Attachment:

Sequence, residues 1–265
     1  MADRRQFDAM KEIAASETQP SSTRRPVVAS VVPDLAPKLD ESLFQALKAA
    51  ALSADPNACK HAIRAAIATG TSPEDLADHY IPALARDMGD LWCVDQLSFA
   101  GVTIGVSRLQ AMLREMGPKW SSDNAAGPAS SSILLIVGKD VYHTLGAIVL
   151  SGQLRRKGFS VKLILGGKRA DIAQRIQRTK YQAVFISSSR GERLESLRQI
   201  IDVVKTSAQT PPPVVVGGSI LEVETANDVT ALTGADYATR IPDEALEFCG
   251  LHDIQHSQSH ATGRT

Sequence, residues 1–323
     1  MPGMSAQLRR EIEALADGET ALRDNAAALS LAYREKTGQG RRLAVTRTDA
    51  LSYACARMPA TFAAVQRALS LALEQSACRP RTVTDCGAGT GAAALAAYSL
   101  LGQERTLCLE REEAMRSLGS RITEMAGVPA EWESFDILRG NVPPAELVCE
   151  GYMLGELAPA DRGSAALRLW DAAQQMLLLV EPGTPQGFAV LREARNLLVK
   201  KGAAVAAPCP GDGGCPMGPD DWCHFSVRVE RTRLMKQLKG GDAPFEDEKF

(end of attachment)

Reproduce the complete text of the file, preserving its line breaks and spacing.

Sequence, residues 1–265
     1  MADRRQFDAM KEIAASETQP SSTRRPVVAS VVPDLAPKLD ESLFQALKAA
    51  ALSADPNACK HAIRAAIATG TSPEDLADHY IPALARDMGD LWCVDQLSFA
   101  GVTIGVSRLQ AMLREMGPKW SSDNAAGPAS SSILLIVGKD VYHTLGAIVL
   151  SGQLRRKGFS VKLILGGKRA DIAQRIQRTK YQAVFISSSR GERLESLRQI
   201  IDVVKTSAQT PPPVVVGGSI LEVETANDVT ALTGADYATR IPDEALEFCG
   251  LHDIQHSQSH ATGRT

Sequence, residues 1–323
     1  MPGMSAQLRR EIEALADGET ALRDNAAALS LAYREKTGQG RRLAVTRTDA
    51  LSYACARMPA TFAAVQRALS LALEQSACRP RTVTDCGAGT GAAALAAYSL
   101  LGQERTLCLE REEAMRSLGS RITEMAGVPA EWESFDILRG NVPPAELVCE
   151  GYMLGELAPA DRGSAALRLW DAAQQMLLLV EPGTPQGFAV LREARNLLVK
   201  KGAAVAAPCP GDGGCPMGPD DWCHFSVRVE RTRLMKQLKG GDAPFEDEKF